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Medical device companies accused of passing on cost of new tax to customers

Medical device manufacturers are shifting the cost of the 2.3 percent device tax, which went into effect on Jan. 1 as part of the Affordable Care Act, to hospitals and other healthcare providers, the Healthcare Supply Chain Association alleged on Friday.

According to HSCA, some medical device companies are adding a line to their invoices that passes on the cost of the tax to its customers.

“Medical device manufacturers should be on notice that passing the device tax on is not acceptable,” said Curtis Rooney, president of HSCA, a trade organization that represents 15 group purchasing organizations.

“GPOs are effective at limiting these attempts but it appears medical device manufacturers are trying to work around the GPOs by creating a new line on their billing statements to hospitals,” said Rooney. “We think this practice should stop immediately.”

“We think now that the tax is being implemented, it should be the responsibility of the medical device companies to pay it and not pass it on to others,” he added.

The medical device tax is not what is driving up product prices, said Kem Hawkins, president of Bloomington, Ind.-based device company Cook Medical.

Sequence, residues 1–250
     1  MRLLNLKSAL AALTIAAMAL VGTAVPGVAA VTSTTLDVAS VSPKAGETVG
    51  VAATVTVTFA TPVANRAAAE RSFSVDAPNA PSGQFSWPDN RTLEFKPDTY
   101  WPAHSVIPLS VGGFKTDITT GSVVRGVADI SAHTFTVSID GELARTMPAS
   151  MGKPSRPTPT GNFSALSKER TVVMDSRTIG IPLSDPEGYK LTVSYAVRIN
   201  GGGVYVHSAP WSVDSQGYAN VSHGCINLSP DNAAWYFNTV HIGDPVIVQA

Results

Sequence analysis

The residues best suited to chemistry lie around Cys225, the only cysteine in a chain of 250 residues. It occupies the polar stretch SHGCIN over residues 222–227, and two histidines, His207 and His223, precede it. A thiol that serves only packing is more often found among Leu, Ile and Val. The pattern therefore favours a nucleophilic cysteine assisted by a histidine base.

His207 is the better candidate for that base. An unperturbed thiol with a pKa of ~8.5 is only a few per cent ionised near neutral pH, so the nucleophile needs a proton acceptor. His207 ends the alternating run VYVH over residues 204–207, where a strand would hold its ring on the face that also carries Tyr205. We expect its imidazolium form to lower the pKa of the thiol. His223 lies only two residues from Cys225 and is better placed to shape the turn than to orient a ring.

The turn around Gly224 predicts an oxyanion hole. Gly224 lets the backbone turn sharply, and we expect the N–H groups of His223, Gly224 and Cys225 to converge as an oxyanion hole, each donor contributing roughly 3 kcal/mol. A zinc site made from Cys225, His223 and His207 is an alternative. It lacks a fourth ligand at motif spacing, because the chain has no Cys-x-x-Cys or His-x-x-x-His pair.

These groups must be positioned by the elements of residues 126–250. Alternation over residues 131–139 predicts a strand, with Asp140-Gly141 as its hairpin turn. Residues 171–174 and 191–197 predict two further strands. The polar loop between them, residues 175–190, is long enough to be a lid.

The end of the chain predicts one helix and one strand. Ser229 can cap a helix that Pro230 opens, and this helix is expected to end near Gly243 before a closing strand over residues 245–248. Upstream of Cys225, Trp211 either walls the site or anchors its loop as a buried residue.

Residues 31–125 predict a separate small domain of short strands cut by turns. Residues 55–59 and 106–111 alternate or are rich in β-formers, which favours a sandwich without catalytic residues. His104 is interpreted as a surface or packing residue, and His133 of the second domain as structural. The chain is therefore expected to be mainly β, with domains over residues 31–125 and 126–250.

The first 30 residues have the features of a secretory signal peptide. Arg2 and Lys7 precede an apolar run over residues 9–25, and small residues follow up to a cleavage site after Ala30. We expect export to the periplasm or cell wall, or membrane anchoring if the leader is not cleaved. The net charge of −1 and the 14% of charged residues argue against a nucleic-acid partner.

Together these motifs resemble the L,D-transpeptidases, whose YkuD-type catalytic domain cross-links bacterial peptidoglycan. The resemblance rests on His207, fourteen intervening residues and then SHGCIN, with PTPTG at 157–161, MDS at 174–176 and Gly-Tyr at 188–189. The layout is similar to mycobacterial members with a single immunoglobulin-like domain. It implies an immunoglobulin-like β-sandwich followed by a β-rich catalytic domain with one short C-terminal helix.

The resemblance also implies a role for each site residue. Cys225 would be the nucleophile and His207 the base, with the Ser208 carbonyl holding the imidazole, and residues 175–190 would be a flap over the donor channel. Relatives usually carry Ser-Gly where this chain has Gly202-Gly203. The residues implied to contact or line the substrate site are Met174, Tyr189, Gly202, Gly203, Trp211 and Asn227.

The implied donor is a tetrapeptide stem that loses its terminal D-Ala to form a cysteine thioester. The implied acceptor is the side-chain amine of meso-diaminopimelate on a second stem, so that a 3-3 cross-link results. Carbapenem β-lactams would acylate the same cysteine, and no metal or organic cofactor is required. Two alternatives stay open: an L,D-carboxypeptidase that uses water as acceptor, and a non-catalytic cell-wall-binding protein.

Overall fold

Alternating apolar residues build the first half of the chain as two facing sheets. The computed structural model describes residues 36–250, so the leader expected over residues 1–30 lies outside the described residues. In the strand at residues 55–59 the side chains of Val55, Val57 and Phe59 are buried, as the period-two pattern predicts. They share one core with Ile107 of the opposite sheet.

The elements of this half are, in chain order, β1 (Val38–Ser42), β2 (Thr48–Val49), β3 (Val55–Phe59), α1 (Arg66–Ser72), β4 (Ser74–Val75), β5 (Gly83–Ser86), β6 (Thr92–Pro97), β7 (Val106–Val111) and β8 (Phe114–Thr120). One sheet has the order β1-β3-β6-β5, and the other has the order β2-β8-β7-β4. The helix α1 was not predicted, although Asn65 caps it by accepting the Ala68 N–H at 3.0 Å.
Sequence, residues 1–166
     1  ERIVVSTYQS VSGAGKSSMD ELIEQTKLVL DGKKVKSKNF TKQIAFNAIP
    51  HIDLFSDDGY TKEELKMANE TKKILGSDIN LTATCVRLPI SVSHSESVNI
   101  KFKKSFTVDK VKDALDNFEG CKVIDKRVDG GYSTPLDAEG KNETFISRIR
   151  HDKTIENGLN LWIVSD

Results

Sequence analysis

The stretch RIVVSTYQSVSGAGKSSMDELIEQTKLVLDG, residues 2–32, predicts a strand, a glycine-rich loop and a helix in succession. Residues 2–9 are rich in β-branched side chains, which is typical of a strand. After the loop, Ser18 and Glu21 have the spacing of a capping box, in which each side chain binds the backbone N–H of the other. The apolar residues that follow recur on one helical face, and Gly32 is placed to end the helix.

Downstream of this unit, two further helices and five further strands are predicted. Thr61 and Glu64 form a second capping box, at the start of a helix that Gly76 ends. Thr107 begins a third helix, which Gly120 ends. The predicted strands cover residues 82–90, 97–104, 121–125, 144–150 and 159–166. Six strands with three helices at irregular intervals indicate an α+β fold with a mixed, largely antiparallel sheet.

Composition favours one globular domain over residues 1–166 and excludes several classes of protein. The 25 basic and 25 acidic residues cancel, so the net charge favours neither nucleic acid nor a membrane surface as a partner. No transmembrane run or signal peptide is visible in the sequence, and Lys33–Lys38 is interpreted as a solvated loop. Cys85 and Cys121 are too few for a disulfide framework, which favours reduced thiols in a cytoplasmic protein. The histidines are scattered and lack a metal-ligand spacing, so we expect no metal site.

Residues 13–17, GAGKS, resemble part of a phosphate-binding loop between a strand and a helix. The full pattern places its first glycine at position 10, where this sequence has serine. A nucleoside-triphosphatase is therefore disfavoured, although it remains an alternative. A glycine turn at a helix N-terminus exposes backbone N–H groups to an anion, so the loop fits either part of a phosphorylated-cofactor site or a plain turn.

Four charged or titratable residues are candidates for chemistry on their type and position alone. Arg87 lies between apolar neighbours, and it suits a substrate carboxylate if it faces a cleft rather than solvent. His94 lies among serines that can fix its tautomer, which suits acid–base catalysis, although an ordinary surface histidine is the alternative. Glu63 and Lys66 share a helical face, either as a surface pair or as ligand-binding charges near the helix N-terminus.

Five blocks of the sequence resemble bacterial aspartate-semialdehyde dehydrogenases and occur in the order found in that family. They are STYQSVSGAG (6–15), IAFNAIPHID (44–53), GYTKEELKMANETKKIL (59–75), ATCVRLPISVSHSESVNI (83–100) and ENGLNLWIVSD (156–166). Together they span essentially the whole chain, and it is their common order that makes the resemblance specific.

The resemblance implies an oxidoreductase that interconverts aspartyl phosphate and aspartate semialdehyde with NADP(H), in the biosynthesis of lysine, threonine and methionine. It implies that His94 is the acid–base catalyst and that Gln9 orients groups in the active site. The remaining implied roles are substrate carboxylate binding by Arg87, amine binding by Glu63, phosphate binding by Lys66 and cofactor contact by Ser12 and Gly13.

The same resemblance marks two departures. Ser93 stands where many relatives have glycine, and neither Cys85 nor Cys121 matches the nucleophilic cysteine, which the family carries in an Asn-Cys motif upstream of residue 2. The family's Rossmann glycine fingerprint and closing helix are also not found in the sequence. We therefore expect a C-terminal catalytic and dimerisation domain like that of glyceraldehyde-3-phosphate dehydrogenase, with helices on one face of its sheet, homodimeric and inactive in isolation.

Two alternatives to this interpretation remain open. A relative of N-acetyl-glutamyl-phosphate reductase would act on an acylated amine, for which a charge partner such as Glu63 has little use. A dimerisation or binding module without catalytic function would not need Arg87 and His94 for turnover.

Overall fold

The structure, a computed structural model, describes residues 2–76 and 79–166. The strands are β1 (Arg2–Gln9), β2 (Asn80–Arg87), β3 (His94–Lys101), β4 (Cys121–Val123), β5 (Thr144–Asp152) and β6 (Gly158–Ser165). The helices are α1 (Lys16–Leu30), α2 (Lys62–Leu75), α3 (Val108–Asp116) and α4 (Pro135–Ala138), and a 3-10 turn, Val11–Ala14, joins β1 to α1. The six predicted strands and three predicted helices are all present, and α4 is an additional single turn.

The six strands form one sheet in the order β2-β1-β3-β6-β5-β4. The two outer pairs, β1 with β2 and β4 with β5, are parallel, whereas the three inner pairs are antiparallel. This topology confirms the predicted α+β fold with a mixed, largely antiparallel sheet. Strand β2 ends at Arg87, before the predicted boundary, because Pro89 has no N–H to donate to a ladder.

[See also: Medical device tax goes into effect despite industry objections]

“Like every other company doing business in America today, we have seen significant increases in utilities, rising gasoline prices and higher healthcare costs,” said Hawkins.

“We have seen higher costs for raw materials and from regulations. We’ve seen unemployment insurance taxes increasing, along with other state and local taxes including property taxes. Our employees need raises. We will have price increases but those increases will not include the 2.3 percent tax,” added Hawkins.

Bruce Carlson, publisher of New York City-based healthcare research and publishing firm Kalorama Information believes the HSCA’s accusations are designed to discourage device companies from attempting to use the tax as leverage in negotiations with GPOs.

“It’s an unsurprising part of negotiations that will occur between GPOs and med device companies for a long time, with the tax adding just a bit more friction,” said Carlson. “Right now, I’d say this is a warning shot across the bow to device companies saying, ‘don’t come to us – GPOs representing hospitals – and ask us to consider the excise tax you are facing in price negotiations.”
While it is illegal for medical device companies to charge their customers for the tax, it is legal in some states for them to include a line item showing the tax on their invoices, said Carlson.
“It is illegal to put the healthcare reform medical device excise directly onto an invoice and collect it as tax,” he said. “However, some states such as Texas – where there was opposition to healthcare reform in the state legislature – have allowed companies to print the 2.3 percent tax on invoices to demonstrate to consumers what costs the company is facing, as long as the tax doesn’t add to the total.”


[See also: Medical device excise tax remains in place after SCOTUS ruling]